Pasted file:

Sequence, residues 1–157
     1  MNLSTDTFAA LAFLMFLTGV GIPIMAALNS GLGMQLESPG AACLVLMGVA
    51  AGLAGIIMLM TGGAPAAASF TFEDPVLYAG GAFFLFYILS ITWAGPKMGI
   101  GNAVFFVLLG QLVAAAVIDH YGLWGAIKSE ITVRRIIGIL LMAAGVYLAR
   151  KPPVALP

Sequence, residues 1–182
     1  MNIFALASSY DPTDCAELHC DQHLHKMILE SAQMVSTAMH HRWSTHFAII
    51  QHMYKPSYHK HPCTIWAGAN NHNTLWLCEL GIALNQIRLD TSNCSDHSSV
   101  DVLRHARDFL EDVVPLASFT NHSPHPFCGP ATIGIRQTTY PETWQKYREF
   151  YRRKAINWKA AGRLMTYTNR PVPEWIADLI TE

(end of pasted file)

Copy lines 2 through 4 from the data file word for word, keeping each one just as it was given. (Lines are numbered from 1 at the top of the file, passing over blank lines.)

     1  MNLSTDTFAA LAFLMFLTGV GIPIMAALNS GLGMQLESPG AACLVLMGVA
    51  AGLAGIIMLM TGGAPAAASF TFEDPVLYAG GAFFLFYILS ITWAGPKMGI
   101  GNAVFFVLLG QLVAAAVIDH YGLWGAIKSE ITVRRIIGIL LMAAGVYLAR